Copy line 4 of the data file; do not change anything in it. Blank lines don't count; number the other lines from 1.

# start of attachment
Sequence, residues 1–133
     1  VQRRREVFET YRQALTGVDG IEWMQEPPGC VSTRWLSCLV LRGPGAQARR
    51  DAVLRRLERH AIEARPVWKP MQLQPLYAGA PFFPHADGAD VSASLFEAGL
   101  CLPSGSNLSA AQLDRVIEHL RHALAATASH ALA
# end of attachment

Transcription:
   101  CLPSGSNLSA AQLDRVIEHL RHALAATASH ALA